Responding with 'we pay every cent we're obligated to' is actually the wrong answer because it leads directly to 'ok - we're going to change your obligations'. The *right* answer is 'here's what changing the rules will cost you.'

          Consider: the US and other countries put heavy pressure on China to change their civil rights attitudes. We do this by deciding to or not to do business with them. It's called 'voting with your wallet'.

          In this case, countries who see their tax revenue go to other countries (or in Apple's case, go into the magic spaces between countries) are getting together and saying 'look - fix your tax laws and get them into parity with the rest of the world or we won't do business with you.' It's EXACTLY the same thing as when we go to other countries and say 'fix your intellectual property laws or we won't do business with you.'

          Now, you can argue that more taxes are bad - but that's not actually germane to *this* issue - that's for the discussion that comes next.
          TheWerewolf
  • What?

    The US is getting bent out of shape because taxes are not flowing back to them? You really have to laugh at the audacity of US lawmakers after the way that the US and US companies have ripped off other countries. This is so two-faced.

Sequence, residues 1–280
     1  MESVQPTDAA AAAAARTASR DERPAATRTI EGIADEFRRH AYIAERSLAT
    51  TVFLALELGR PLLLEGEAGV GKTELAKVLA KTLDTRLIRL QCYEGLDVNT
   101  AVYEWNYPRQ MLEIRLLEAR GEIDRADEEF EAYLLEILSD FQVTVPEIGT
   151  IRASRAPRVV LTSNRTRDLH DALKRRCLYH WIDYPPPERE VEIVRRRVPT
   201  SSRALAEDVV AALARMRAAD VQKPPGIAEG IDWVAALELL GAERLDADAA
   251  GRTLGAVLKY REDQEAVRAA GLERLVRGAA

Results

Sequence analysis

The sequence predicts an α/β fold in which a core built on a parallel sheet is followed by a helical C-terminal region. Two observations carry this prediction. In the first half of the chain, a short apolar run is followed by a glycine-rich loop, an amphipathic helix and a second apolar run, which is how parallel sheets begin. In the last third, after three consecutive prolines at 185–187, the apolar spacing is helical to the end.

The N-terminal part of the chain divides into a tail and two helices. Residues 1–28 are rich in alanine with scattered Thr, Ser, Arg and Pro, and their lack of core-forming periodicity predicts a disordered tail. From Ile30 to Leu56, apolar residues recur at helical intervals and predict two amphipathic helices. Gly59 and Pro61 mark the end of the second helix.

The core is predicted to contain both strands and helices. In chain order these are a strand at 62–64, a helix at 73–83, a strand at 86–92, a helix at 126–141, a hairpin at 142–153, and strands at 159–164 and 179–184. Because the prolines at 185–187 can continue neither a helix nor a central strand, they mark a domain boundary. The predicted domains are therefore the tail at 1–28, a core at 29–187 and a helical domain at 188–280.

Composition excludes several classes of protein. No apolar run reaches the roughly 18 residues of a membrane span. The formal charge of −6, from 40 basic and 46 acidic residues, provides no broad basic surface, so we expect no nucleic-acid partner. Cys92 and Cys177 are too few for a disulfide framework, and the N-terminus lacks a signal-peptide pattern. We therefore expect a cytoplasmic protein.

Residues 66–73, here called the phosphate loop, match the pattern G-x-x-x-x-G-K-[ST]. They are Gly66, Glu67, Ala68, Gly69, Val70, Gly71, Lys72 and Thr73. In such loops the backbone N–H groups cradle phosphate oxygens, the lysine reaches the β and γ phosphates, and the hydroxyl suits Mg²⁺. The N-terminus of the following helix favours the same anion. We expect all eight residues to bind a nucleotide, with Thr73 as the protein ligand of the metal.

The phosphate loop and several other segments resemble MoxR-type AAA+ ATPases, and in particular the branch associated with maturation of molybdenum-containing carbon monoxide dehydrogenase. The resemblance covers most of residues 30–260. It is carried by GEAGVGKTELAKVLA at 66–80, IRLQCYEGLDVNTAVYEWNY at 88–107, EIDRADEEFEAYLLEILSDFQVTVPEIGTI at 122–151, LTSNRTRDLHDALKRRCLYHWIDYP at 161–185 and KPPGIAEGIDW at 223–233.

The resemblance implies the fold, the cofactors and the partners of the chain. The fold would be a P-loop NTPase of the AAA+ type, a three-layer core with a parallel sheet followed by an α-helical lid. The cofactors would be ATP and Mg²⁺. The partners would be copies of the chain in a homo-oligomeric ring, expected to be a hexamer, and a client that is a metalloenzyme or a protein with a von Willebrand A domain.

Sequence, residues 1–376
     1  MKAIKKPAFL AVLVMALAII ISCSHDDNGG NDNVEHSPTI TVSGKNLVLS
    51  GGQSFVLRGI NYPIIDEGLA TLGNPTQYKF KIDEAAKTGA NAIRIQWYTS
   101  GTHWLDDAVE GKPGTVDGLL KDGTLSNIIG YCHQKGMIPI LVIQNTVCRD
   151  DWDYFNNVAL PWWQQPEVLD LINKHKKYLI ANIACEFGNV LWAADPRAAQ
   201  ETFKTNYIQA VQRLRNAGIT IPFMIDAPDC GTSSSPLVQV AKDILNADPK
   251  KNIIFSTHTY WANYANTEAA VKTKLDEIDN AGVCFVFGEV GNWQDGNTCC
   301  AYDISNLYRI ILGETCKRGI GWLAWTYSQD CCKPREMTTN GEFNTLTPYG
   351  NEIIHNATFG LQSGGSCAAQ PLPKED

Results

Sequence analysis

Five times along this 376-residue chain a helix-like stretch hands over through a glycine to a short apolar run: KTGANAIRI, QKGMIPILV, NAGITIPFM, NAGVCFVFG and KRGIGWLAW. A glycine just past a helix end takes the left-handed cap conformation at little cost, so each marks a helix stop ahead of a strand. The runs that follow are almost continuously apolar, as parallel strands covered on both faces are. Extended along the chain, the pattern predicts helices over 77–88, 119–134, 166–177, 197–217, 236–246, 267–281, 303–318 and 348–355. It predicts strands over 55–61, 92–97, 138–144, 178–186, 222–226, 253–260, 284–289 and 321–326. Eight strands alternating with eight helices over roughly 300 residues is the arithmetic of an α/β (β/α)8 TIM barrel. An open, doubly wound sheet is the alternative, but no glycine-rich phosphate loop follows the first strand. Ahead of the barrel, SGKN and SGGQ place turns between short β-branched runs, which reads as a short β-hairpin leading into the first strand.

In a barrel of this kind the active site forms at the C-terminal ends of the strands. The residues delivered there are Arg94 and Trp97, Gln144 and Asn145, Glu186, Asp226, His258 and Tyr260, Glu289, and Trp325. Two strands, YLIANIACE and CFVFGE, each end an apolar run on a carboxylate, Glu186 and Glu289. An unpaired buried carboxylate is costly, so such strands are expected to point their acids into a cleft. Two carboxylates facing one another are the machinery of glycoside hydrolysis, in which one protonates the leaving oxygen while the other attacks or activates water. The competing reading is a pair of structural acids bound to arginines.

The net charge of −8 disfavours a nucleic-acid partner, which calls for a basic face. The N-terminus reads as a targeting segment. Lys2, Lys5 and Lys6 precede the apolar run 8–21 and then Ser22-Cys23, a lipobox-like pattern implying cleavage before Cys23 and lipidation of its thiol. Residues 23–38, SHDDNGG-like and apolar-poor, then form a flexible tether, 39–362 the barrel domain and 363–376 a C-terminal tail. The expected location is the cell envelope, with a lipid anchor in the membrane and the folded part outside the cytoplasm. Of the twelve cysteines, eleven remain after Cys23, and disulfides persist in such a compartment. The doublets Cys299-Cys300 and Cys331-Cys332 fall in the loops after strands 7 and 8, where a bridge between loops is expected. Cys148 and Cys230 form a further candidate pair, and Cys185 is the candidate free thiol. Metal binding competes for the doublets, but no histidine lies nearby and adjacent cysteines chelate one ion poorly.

KRP1950
    • KPR1950!!!!

      very true!
      apetti
    • Correct

      Bent out of shape because:

      1. They can't balance their own books.
      2. As was obvious from their questioning, hardly understand the ridiculous tax laws they created.
      3. Looked the other way while Wall St bought the world to near financial collapse.
      4. They should have been following the holy grail of reasonable fiscal policy instead of chastising companies who follow reasonable fiscal policy.
      Synthmeister
    • HAHAHAHAHAHA

      I can't believe the US is that angry haha.... wow a company isn't paying tax on the money it made OUTSIDE the US... fair play... just like every other company around the world... Its called being smart keeping your money all over the world... means you can pay for stuff all over the world without transfer tax..... why get charged bringing it into America only to get charged goin into the uk to pay some distributer for something.... just leave it in the EU so your not taxed twice....
      Skunkwurx
      • Except... it's not even equitable with how the US treats its own citizens..

        If you're a US citizen and live in another country and earn money there - even if it doesn't come back into the US - you're legally obligated to pay taxes on it. In fact, if it weren't for a tax treaty the US has with many countries - you'd be taxed twice - once by your residential country and against by the US. The US exempts the first $91K.

        If a corporation is really a 'person' for legal reasons - then they should have the same obligations to pay taxes REAL persons have.
        TheWerewolf